Unilever agreed to sell its margarine and spreads business to KKR & Co. for 6.83 billion euros ($8.1 billion), ridding the Anglo-Dutch consumer-goods giant of one of its worst-performing units as it focuses on faster-growing food and personal-care niches.
The private equity firm’s purchase of the division, whose brands include Flora and I Can’t Believe It’s Not Butter!, is the biggest leveraged buyout announced in Europe this year. Completion is expected in the middle of 2018, the companies said in a statement Friday.
"Sprexit has finally happened," Warren Ackerman, an analyst at Societe Generale, said by phone.
The sale advances Chief Executive Officer Paul Polman’s effort to focus Unilever on faster-growing brands such as Pukka Herbs tea and Sir Kensington’s condiments. The company, like rivals such as Nestle SA, is grappling with changing tastes that mean some of its older products are out of favor as consumers seek fresher, healthier alternatives. The London- and Rotterdam-based company is under pressure to simultaneously cut costs and accelerate sales after fending off an unsolicited, $143 billion takeover bid this year from Kraft Heinz Co.
Unilever said it would return the net cash realized from the transaction to shareholders, “unless more value-creating acquisition alternatives arise.”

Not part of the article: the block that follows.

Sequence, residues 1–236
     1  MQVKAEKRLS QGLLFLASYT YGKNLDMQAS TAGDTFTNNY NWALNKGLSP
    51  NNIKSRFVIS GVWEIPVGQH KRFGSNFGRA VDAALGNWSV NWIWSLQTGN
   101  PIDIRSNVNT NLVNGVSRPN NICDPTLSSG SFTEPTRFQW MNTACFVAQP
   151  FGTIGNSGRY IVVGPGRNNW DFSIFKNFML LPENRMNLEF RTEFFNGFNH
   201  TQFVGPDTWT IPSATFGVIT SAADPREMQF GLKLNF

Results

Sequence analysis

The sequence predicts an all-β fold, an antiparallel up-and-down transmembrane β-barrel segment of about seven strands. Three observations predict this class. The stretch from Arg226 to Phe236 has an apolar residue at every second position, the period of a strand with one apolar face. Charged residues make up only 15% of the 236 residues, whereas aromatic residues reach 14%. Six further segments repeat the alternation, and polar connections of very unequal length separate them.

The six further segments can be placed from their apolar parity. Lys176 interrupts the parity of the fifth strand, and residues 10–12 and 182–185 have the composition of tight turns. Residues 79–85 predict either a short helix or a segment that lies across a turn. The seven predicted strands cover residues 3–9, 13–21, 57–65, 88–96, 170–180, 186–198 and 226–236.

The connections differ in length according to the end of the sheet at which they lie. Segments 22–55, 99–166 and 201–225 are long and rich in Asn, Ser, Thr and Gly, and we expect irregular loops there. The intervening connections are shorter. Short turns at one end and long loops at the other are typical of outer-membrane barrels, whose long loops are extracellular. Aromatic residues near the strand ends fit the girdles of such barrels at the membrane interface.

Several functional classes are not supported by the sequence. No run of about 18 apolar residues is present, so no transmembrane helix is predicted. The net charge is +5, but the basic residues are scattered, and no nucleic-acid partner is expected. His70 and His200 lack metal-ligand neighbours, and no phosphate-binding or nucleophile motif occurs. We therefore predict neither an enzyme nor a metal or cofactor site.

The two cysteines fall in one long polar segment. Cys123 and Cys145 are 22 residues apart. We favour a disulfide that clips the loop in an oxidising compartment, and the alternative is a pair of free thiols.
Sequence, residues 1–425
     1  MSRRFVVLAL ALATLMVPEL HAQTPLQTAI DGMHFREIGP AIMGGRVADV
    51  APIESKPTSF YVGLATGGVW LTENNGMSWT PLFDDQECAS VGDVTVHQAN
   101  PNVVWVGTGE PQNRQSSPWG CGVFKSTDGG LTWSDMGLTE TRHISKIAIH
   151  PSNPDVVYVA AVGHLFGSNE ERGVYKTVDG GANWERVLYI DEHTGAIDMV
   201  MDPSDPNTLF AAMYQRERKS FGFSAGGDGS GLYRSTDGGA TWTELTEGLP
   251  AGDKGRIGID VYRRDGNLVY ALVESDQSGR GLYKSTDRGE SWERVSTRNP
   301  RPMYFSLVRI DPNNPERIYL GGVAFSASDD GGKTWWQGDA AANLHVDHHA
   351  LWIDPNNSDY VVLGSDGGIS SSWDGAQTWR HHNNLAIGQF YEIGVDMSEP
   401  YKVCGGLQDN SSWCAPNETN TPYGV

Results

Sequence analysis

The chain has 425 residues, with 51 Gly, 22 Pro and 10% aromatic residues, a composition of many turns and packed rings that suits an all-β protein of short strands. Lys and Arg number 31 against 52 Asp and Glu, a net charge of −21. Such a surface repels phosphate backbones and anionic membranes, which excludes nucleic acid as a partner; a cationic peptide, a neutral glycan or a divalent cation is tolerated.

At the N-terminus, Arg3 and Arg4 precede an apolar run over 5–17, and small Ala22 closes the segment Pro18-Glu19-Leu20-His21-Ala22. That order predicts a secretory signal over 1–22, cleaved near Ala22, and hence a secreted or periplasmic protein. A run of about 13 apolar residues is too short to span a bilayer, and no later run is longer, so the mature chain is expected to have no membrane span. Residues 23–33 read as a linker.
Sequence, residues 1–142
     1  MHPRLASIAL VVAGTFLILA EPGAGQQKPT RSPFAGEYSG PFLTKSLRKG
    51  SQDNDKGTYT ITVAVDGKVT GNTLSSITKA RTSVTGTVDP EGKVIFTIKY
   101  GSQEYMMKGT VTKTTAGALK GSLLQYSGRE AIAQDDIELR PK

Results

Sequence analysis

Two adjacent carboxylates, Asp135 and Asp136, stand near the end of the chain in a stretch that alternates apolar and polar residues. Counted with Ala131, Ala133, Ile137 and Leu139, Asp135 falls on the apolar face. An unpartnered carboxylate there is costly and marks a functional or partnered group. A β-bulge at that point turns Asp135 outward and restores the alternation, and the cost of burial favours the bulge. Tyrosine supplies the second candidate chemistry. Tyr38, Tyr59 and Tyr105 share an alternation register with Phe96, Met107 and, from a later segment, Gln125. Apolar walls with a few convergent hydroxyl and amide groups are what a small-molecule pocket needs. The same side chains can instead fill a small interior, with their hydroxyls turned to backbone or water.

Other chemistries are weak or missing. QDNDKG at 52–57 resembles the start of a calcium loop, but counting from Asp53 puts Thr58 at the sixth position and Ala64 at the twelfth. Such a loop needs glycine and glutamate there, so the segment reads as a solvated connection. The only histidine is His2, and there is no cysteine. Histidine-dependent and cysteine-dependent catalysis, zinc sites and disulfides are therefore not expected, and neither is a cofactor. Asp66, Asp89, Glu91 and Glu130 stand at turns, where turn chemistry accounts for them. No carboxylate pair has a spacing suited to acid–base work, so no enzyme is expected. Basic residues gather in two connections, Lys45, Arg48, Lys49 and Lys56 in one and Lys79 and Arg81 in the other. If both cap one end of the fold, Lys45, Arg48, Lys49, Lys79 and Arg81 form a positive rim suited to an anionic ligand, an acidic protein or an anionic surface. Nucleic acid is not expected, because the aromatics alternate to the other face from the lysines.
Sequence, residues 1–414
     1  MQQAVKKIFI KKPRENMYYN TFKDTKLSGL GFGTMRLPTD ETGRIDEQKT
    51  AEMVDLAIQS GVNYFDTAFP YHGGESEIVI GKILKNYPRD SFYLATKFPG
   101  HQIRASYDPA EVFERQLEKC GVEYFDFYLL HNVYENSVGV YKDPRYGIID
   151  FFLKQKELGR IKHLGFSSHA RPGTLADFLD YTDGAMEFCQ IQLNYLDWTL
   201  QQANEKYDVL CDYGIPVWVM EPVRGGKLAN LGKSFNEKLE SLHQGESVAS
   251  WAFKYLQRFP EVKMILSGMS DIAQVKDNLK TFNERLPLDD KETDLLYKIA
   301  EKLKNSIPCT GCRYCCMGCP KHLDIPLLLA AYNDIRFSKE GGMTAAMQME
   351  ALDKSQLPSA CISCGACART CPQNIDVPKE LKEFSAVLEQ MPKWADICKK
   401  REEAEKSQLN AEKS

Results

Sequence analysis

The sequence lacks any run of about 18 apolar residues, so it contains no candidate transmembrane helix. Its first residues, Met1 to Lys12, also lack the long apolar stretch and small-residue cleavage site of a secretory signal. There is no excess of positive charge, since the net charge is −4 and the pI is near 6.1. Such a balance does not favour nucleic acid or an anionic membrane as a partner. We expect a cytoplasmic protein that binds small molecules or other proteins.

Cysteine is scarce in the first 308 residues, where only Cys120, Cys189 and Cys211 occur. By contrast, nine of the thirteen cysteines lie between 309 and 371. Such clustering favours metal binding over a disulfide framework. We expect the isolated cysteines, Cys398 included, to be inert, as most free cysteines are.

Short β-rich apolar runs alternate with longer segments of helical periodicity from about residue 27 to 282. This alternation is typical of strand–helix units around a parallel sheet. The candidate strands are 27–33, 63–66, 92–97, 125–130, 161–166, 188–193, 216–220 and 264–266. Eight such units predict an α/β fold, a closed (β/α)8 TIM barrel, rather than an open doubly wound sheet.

KKR beat out competition from Apollo Global Management and CVC Capital Partners, according to people familiar with the situation. CVC and Apollo declined to comment.
The deal overshadows other buyouts announced this year. After a long takeover quest, private equity firms Bain Capital and Cinven acquired German pharmaceutical maker Stada for 5.4 billion euros including debt in August. In September, Hellman & Friedman agreed to buy payment processor Nets for about 33 billion Danish kroner ($5.2 billion).
In selling the spreads unit, Unilever is parting with one of its most historic businesses. The world’s first margarine factory was founded in the Netherlands in 1872, and it merged with a rival business in 1927 to form Margarine Unie. Two years later, the combined company joined U.K. soapmaker Lever Brothers to form Unilever.
The sale “marks a further step in reshaping and sharpening our portfolio for long-term growth,” Polman said.
Nicolas Liabeuf, CEO of the spreads business, will remain in that position, Unilever said. The unit’s sales shrank by 2 percent in the third quarter, Unilever said in October, as declining bread consumption and an increasing appetite for butter over margarine cause a structural downturn in the category.
Ackerman said Unilever secured a good price, with the division selling at about 10 times its 2016 earnings. Despite slow or no growth, he said, the spreads business was appealing for private equity bidders because of its strong operating profit margin -- about 20 percent, compared with the company’s overall 16 percent.
— With assistance by Ruth David, Manuel Baigorri, and Sarah Syed